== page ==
Research Shows Benefits of Gardening for Cancer Patients
November 15, 2018
Researchers from Ohio State University and the University of Alabama recently presented data detailing how garden-based interventions can provide significant health benefits to cancer survivors.
In Seeds of Hope, Session 310 at the 2018 Food & Nutrition Conference & Expo, Dr. Colleen Spees and Dr. Wendy Demark-Wahnefried described novel gardening programs designed to improve health and quality of life for cancer survivors.
According to experts, gardening may help cancer patients cope with a difficult diagnosis and maintain health after cancer for a variety of reasons, including:
Connection with others facing similar health challenges
Increases in physical activity
Improvements in dietary quality
A sense of belonging
Time spent outdoors
For all of these reasons, gardening — especially with friends, family or in a formal program for cancer survivors — may be an excellent way to manage the challenges of a mesothelioma diagnosis, as long as patients practice safe gardening habits.
If gardening isn’t your thing, there are other options to help you gain the same benefits without getting your hands dirty.
What Gardening Can Do for Mesothelioma Survivors
The Growing Hope pilot study at Ohio State enrolled 35 cancer survivors into a gardening program.
The program consisted of:
Group education about improving health behaviors and one-on-one remote health coaching
Weekly harvesting at a large research garden
Cooking demonstrations focused on local, seasonal foods
Access to a web portal with recipes, harvest guides and safe food handling information
Compared with eating habits prior to joining the program, those who participated were significantly closer to reaching goals on eating more vegetables and fruit and eating fewer refined grains and less fat and empty calories.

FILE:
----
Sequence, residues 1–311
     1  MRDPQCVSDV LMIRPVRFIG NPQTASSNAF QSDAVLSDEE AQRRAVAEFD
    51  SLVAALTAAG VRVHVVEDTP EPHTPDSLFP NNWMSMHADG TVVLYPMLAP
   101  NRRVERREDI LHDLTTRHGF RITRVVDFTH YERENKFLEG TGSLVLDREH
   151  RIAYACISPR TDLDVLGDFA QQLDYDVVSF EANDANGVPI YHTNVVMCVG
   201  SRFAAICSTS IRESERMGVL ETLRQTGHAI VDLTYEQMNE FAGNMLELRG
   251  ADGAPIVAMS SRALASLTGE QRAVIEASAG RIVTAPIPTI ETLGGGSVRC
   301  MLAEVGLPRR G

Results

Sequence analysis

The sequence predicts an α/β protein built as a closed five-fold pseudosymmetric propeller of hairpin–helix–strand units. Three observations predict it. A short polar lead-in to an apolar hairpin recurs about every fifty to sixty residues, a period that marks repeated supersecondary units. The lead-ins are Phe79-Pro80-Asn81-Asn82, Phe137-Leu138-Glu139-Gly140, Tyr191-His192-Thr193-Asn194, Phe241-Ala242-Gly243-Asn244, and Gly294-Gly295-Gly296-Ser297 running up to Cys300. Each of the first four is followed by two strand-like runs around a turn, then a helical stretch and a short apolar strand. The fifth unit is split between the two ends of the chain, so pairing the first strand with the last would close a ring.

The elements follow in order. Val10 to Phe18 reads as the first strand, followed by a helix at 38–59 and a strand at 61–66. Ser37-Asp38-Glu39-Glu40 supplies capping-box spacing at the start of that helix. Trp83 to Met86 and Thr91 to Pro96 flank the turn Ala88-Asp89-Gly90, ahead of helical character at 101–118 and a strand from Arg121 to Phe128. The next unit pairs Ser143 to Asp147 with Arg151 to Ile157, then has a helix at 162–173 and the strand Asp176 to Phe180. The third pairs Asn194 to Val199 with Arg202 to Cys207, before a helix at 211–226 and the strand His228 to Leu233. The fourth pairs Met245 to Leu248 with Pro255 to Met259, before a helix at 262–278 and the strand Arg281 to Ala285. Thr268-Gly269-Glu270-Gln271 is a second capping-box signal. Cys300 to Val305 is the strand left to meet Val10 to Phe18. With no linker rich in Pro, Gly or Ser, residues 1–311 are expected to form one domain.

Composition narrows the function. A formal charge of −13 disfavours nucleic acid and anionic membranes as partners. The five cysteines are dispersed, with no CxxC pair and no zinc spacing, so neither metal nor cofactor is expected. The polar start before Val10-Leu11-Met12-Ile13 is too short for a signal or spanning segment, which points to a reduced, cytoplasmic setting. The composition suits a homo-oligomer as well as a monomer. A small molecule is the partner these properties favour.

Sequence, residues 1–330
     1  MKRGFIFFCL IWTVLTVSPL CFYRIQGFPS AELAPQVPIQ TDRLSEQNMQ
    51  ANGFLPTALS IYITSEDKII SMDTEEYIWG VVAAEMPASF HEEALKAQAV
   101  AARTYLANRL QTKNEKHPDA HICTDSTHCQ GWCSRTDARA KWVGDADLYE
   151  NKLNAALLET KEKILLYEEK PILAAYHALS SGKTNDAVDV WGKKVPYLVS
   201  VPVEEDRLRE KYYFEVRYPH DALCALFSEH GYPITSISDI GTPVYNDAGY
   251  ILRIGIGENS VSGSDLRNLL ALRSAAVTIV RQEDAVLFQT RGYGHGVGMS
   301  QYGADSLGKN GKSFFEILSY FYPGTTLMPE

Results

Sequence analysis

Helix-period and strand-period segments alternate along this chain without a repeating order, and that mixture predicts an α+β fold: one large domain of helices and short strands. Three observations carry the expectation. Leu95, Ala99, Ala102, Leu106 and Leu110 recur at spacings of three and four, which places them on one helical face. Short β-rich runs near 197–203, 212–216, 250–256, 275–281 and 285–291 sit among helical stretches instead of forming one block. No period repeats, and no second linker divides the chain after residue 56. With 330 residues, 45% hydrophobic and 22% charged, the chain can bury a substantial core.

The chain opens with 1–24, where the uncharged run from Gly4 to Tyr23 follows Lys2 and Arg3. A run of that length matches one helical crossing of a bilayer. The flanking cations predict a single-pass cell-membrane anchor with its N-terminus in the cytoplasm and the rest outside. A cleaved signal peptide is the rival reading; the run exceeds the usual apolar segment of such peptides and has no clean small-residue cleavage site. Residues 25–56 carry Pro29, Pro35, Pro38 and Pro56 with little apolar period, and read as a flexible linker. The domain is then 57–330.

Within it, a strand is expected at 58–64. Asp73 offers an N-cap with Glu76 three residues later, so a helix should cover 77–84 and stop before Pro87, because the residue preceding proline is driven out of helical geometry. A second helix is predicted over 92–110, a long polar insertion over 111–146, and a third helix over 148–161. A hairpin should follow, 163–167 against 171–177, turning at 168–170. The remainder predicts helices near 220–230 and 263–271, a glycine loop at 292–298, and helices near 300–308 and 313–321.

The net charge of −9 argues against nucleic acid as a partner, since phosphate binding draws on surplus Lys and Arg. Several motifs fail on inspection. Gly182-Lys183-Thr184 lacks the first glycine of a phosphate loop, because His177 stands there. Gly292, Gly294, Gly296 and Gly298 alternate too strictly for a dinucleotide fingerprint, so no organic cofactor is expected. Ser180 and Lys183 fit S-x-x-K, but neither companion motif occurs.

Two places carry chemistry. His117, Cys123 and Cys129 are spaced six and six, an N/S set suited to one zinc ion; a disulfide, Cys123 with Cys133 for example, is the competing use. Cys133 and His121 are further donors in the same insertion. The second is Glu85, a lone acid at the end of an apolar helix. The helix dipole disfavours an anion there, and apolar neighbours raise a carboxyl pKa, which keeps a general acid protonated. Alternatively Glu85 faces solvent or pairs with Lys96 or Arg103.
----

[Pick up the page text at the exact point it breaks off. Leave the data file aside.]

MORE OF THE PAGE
The cancer survivors also improved cholesterol and blood-lipid levels, were more physically active, had improved quality of life and reduced levels of inflammation in the body, as measured by blood markers.
The program improved spiritual and psychological well-being and decreased fatigue among the participants.
Harvest for Health — the other gardening program highlighted in the research session — brought the gardens to cancer survivors. Master gardeners were paired with cancer survivors and helped them get started.
For this University of Alabama pilot project, the participants received portable garden boxes, soil, seeds and tools so they could grow food on their own. Larger patient cohorts have participated in follow-up programs based on the initial trial.
Participants in the pilot and later studies improved their functional status, increased fruit and vegetable intake, improved physical activity levels, and enhanced sense of worth compared with patients on a wait list for the program.
If You Don’t Love Digging in the Dirt
Gardening appears to be an excellent way to help people with a history of cancer function more effectively — physically and emotionally.
It may do this by improving self-efficacy, providing support and modeling healthy behaviors.
According to cancer experts, activities that provide these or similar supports also may help cancer survivors thrive after a diagnosis.
Seek out an activity that encourages you to move your body more, feel better mentally and emotionally and connect with others who are facing similar health challenges.